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  1. I always take special musician earplugs with me to movies, concerts, plays, etc, to control the volume--and hence the amount of sensory input. Sometimes I find myself more comfortable in the very back of the theater, because it means the audience is IN FRONT of me (also lessens the sensory input).

    I don't know if this is an HSP-thing, or just a getting-older-and-getting-grumpy thing, but I'm finding I'm much less tolerant of sound/noise generated by someone other than myself: My neighbor clearing his throat every morning; The upstairs neighbor dropping (God knows what) on her kitchen floor every day; the dog barking half a block away... :-\

  2. Boy do I connect with that!
    More and more I want to run screaming from the city, because of the noise. I steel myself in every activity I do, to put up with the noise, and I find I am doing it less and less well. I don't want to go to the fair because it is crowded and noisy, even though I used to enjoy them. I think when I was young, I survived by shutting it out, not even allowing myself to acknowledge my sensitivity. Even so, I lived in a smaller city, and had very short doses of "loud". My parents were quiet, the house was always quiet, and noisy things were done outside so they didn't reverberate through me.
    I think my dad was always sensitive, and my brother even more so, so I wasn't highly exposed. Now, I'm married to a man that doesn't not understand soft voices and complains because I sometimes find a restaurant so loud I can't stand to be in there. Our house has a minimum of 2 to 3 loud TV's on at any time, and the construction next door has been excruciating.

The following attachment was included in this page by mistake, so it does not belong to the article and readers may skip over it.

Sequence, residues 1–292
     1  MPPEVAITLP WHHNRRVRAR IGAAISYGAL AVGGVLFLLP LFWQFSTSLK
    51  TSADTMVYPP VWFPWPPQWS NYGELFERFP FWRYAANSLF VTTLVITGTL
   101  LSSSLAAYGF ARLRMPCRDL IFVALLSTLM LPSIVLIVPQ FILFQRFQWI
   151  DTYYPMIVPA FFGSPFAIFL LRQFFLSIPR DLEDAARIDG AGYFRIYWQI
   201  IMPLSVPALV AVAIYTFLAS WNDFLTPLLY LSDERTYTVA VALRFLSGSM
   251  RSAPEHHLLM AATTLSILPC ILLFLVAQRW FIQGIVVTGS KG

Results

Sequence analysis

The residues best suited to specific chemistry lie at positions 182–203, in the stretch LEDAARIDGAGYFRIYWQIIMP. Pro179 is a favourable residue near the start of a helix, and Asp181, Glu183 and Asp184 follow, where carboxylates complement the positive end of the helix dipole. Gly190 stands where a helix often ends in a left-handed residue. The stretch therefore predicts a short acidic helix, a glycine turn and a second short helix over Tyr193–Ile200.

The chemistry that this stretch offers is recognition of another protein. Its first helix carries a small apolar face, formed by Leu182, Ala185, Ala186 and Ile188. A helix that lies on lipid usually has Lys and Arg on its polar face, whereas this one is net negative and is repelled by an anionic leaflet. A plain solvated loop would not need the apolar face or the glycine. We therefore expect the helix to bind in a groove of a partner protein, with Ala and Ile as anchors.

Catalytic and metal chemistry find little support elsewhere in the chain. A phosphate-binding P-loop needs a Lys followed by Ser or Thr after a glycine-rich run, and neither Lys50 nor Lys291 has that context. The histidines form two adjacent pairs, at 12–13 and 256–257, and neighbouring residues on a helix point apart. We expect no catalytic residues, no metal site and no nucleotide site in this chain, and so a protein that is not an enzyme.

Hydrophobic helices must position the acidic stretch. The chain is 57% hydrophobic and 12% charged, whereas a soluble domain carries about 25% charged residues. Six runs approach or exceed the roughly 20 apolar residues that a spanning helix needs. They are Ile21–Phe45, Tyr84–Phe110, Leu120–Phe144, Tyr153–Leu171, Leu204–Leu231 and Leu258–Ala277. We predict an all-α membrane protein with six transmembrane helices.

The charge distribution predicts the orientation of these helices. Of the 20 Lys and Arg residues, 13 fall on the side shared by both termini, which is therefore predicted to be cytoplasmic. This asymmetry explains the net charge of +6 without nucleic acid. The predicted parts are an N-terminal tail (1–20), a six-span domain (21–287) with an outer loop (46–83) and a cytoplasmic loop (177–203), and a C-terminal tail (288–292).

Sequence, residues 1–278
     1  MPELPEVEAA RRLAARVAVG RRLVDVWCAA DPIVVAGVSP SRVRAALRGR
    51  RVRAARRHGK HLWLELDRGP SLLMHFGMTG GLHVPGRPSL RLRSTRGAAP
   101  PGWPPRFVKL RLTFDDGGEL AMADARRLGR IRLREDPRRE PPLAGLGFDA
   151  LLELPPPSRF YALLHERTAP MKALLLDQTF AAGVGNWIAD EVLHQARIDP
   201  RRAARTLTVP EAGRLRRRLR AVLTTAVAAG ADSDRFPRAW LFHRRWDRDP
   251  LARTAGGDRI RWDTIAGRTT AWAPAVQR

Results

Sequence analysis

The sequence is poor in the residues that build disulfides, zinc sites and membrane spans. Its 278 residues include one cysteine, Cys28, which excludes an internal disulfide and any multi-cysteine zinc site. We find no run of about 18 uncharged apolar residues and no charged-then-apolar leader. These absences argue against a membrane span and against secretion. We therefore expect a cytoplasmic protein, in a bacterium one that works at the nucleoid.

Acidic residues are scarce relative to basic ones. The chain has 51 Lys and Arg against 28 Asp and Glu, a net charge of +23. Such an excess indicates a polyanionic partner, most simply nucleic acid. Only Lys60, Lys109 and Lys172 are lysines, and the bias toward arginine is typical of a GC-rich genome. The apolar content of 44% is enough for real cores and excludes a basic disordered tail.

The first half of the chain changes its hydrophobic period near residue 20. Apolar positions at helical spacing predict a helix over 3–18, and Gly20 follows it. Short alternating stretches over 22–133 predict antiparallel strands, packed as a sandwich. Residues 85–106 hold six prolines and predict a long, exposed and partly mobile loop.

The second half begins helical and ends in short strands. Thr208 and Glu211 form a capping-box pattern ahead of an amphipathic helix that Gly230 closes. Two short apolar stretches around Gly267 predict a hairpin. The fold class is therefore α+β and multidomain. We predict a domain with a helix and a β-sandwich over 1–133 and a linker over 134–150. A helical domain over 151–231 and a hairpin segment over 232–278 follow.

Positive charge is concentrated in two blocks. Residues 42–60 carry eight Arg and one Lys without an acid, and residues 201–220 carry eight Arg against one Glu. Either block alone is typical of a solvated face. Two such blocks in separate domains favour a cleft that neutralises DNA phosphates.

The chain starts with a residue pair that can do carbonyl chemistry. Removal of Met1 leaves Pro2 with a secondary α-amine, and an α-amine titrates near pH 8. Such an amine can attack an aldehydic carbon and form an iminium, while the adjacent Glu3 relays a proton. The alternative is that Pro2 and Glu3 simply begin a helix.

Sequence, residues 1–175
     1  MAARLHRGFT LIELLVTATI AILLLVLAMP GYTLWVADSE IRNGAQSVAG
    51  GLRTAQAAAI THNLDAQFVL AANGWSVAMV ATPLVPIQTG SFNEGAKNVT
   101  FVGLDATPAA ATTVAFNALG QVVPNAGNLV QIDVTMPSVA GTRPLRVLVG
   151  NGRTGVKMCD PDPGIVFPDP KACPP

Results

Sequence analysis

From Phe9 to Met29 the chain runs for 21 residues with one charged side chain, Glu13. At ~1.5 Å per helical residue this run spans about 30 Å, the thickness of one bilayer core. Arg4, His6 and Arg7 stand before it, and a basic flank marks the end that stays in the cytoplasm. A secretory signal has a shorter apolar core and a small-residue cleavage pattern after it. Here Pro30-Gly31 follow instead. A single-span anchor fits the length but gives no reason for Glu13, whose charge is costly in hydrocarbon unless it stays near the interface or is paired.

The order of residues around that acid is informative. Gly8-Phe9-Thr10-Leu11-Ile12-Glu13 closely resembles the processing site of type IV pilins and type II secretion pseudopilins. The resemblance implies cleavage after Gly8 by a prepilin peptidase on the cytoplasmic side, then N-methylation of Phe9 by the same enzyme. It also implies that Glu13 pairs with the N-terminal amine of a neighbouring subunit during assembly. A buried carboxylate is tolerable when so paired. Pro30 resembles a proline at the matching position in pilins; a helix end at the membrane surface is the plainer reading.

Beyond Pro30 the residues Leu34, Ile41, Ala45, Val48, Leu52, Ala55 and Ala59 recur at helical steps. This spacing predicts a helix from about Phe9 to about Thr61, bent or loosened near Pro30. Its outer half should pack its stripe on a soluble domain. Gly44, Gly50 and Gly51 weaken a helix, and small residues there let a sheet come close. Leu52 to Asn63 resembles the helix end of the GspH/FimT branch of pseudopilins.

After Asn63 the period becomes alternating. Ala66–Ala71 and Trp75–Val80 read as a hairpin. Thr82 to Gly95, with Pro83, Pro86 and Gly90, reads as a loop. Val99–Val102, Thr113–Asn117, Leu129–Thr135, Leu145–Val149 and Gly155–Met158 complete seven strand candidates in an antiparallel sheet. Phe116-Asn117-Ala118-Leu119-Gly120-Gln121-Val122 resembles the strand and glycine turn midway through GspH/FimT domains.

My kids are just as sensitive and struggle daily.
    I think we all need new tools to live with this "disability".

  3. I've been meaning to write and thank you for the material you put on your blog. It's very well written and I can totally relate to it.

    The sound thing is a real issue for me. I moved from the city to the country a few years ago and have no intention of going back! There are no freeways withing hearing on my house, but the distant sound of the ocean is a lot like the white noise of a freeway. The ocean was calm yesterday and I heard nothing other than the wings of a hummingbird flying outside my window. :-)

    I feel fortunate that I can turn off the radio at work. My co-workers like the noise, but it would totally stress me out if I had listen to the radio and pay attention to clients at the same time. One thing at a time please!

  4. I do not mind all loud sounds or environments. It mostly depends on the type of sounds, my reserves at the time, and the duration. Like so many things, even if I enjoy something, I have to limit the amount of time I'm immersed in it. I also have to have a quiet place in which to retreat. It always bothered me when my Mom would comment on the quietness of my house when she visited. To me, quiet is a good thing. It restores my sanity...that sense of peacefulness...a haven from the intensity of the outside world. It bothers me that for so many people quiet seems to mean "boring" or "uncomfortable".